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Handhelds Hardware

PDA Designed for the Great Outdoors 257

Posted by michael
from the watch-out-for-that-tree dept.
Paul Bawon writes "A company in UK called Node has developed the world's first consumer PDA designed for use specifically in outdoor environments. The device is fully waterproof to 3 meters, has a 8 hour battery life, built in DGPS receiver and 1 Gig of storage. Bluetooth and WiFi come as standard as does a touch screen and either a PocketPC or Linux operating system. I bumped into them at a tourism conference in Edinburgh where they were demo'ing the unit and I was impressed. It's smaller than a standard postcard."
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PDA Designed for the Great Outdoors

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  • Interesting... (Score:4, Interesting)

    by solive1 (799249) on Tuesday September 28, 2004 @10:39AM (#10373401)
    It's a nice concept. It looks like it can handle being shaken up a bit on the trails and dropped without hurting much. Only things I wonder about are how sturdy it is internally and how scratch-resistant the screen is. By the way... first post.
    • Re:Interesting... (Score:5, Insightful)

      by Paster Of Muppets (787158) on Tuesday September 28, 2004 @10:47AM (#10373503)
      Regarding the screen, it may be scratch resistant, but it's also touch screen. If it's designed for outdoor environments, wouldn't stray branches/falling leaves/rain drops get rather annoying for some if these keep being regarded as user mevements?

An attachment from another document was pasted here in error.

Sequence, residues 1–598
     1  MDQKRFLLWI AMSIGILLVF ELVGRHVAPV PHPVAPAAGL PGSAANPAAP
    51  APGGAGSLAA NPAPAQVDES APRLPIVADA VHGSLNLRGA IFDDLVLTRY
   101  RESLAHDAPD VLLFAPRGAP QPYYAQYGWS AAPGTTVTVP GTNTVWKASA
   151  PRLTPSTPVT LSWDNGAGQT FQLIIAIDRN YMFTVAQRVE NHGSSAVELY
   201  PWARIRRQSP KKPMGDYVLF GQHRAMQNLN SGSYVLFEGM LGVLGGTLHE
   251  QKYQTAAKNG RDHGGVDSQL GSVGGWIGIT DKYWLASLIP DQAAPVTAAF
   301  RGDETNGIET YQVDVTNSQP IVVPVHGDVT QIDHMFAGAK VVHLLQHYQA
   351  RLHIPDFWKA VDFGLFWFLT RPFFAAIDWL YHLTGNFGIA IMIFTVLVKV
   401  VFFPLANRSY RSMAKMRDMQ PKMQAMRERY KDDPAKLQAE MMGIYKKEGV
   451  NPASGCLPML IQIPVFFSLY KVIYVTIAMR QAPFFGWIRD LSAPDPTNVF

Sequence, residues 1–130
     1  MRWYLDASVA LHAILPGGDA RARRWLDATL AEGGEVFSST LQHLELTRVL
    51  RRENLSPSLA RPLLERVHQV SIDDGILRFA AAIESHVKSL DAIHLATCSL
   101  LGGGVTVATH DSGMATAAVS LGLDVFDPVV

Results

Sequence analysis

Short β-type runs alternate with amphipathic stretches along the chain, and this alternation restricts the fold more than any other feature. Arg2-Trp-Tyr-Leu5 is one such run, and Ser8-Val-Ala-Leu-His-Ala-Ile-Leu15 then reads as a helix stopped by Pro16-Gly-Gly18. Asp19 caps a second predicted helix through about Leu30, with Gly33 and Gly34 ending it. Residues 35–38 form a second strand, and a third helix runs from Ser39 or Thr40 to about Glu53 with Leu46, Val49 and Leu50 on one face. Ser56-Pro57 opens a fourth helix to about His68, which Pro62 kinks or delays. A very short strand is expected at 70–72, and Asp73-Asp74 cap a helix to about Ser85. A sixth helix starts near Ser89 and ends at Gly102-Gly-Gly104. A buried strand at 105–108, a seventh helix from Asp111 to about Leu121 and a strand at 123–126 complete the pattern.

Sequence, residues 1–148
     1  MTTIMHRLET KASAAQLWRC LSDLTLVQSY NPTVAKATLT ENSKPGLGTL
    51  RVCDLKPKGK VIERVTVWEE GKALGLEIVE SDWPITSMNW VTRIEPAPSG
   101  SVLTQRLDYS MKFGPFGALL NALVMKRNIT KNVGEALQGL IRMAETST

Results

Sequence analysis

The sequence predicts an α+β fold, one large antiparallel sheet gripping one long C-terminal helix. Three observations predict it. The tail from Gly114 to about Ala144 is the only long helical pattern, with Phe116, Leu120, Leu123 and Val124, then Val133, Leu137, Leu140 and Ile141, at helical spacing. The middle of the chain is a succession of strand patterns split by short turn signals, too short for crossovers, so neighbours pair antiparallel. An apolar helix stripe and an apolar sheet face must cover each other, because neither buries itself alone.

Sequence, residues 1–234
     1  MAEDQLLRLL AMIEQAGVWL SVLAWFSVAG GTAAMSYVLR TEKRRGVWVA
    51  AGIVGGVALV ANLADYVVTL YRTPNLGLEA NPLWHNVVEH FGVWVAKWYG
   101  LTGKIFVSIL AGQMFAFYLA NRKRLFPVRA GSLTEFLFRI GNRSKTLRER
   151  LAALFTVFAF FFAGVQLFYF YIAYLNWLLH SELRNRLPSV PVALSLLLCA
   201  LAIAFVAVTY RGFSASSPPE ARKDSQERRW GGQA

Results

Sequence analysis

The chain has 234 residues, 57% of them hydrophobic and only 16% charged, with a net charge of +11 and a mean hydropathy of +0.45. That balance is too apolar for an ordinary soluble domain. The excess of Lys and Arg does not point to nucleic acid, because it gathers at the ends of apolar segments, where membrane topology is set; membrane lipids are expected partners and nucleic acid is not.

• Re:Interesting... (Score:3, Interesting)

        by bhtooefr (649901)
        Well, I know that I had a serial touchpad that required a ground, not just pressure. If something that was grounded touched it, it registered a touch. If it wasn't grounded, it didn't know about it. So no rubber-soled shoes ;-)

        People are grounded. Raindrops and falling leaves aren't. Unfortunately, stray branches (unless they are falling, in which case you've got more to worry about than it messing with your screen anyway) ARE grounded.
    • by newandyh-r (724533) on Tuesday September 28, 2004 @11:08AM (#10373761)
      ... and how readable the screen is in various states of light - especially bright sunlight.
    • Re:Interesting... (Score:5, Insightful)

      by igrp (732252) on Tuesday September 28, 2004 @11:18AM (#10373887)
      Only things I wonder about are how sturdy it is internally [...]

      That's a very good point.

      I enjoy hiking. A while ago, I was way out in the woods hiking with some friends of mine. A buddy of mine, had his Ericsson R310s phone [about.com] with him. Now, this phone is ugly as hell. It's also not available here in the US (and seeing that it's a GSM 900/1800 phone, probably wouldn't work here either). But it's rugged. His phone was the only one that survived the trip.

      Most of our phones just died for no apparent reason (I assume it was due to the rain -- and it rains a lot in GB, believe me). After performing "cell phone CPR" on them (taking them apart, carefully cleaning them with alcohol, and letting sit in a warm room to dry), most of them eventually worked again though (which of course doesn't help if you're in a tight spot and need your phone to call for help).

      The point is, if you're outdoors and choose to rely on any electronic device (1) make sure that it works (test it; bring extra batteries; etc) and (2) always have a backup plan (if you have a GPS device, bring a map & compass anyway).
      Technology is very useful if you know what you're doing but you need be able to survive without it.